The personal insurance industry has changed significantly during the past six months and the changes continue to unfold daily. To help give context, over a twenty year span, from 1999 up to 2017 the insurance industry paid $5.1 Billion for wildfire claims compared to the fourth quarter of 2017 where the industry paid out $6.8 Billion for that quarter alone. In 2018 the Woolsey and the Camp Fires cost the industry close to $20 Billion in insured losses.
Needless to say these costly fire damage claims have put a significant strain on the insurance industry, prompting carriers to take action and consumers are feeling the heat.
The personal insurance market is changing
Obviously, premiums are increasing. More problematically, more insurers are declining to renew policies due to risk factors such as encroaching brush or recent claims history. They’re also tightening underwriting standards, not just for brush, but also for earthquake and water damage claims. And with all the rebuilding activity, higher demand for contractors is increasing insurance replacement values. Some carriers are pulling out of the northern California market all together, potentially making some homes uninsurable and adversely impacting the real estate market.
How to change with the times
As the new normal takes hold, adapting to this new reality of risk is paramount. Here are some concrete steps you can, and should, do:
- Talk to your broker. Make sure you discuss your home, valuables and liability coverage limits to ensure that they are enough to make you whole following a covered loss.
- Ask about higher deductibles: Higher home deductibles can allow for some premium relief.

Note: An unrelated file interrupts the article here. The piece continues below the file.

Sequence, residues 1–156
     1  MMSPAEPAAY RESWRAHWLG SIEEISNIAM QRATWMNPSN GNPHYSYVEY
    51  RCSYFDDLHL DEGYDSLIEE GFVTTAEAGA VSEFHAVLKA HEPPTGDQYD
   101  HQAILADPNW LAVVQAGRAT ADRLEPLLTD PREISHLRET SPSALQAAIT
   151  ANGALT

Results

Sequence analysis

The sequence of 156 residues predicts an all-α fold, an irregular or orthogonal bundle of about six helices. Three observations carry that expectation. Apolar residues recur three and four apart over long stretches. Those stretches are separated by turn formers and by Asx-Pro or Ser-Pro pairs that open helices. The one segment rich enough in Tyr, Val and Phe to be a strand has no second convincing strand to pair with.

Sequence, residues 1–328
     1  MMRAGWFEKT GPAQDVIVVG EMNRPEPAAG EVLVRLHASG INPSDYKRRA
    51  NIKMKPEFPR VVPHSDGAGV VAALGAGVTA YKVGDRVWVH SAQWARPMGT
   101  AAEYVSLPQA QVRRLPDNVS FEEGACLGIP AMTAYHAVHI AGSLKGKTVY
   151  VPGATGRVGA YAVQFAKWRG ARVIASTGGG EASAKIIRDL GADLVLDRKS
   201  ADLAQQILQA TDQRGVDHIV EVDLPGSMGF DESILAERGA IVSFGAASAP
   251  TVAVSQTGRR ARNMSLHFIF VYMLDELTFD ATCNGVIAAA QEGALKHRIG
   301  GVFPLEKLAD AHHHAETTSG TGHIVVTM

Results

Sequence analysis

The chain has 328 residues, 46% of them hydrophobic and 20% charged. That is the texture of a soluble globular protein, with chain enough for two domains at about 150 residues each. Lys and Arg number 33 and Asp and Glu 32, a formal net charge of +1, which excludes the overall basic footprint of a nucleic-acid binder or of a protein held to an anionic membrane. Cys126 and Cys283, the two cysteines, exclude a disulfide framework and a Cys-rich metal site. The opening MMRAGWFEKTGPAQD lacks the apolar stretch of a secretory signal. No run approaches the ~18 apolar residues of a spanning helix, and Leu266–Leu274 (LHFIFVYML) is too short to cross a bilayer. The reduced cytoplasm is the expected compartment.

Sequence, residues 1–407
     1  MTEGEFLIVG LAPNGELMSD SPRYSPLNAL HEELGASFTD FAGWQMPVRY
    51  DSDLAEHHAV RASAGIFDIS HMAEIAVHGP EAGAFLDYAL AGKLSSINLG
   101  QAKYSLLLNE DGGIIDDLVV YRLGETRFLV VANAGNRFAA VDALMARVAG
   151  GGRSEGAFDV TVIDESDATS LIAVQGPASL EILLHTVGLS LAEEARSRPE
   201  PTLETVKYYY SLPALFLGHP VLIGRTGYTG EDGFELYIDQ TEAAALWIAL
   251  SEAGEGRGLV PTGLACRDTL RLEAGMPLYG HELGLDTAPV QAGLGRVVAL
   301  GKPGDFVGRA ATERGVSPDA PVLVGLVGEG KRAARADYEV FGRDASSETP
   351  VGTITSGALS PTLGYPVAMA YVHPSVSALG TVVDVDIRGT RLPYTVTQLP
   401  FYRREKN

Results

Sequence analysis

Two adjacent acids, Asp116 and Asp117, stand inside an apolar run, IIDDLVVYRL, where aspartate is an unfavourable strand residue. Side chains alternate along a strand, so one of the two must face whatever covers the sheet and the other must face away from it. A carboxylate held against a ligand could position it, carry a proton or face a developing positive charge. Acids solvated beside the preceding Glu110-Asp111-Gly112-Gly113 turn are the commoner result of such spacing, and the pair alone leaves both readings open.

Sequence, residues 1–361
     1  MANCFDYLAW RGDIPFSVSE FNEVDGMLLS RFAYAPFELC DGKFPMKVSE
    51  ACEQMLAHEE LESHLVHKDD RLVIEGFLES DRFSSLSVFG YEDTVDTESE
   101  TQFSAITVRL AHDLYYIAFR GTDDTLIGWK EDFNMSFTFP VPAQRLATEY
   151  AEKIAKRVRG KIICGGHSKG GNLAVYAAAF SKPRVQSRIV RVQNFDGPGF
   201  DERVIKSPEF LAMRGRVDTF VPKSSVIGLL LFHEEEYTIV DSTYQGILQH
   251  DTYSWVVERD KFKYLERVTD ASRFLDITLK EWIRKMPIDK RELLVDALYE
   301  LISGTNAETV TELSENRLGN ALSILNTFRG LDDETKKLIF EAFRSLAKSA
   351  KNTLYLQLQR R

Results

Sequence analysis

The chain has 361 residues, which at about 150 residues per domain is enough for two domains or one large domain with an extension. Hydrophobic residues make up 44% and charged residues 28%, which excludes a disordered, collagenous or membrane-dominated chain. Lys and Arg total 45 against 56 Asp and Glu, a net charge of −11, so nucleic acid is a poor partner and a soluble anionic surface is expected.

- Install a water shut off valve: To minimize the potential for an unwanted water damage claim, installing a water shut off valve can prevent this. Most companies give premium credits for having one installed.
- Fire/Harden your home: Maintain defensible space around home, clean out gutters regularly, clean debris from roof, Use a class A roof covering, install ember resistive vents, protect windows. Tell your broker if you have ember resistive vents because some insurers do give discounts for having them installed.
- Consider investing in fire-resistive landscaping: such as trees, shrubs and ground cover. The Davey Tree blog has an excellent list.
- Closing Escrow on a home: When you become interested in purchasing a home, reach out to your broker immediately to ensure that your property is not located in a fire hazard zone and uninsurable. Your broker will need time to shop and find a market.
Need more ideas or want to take a closer look at where you fit on the new insurance landscape? Drop a line to me direct or connect with one of experts: email@example.com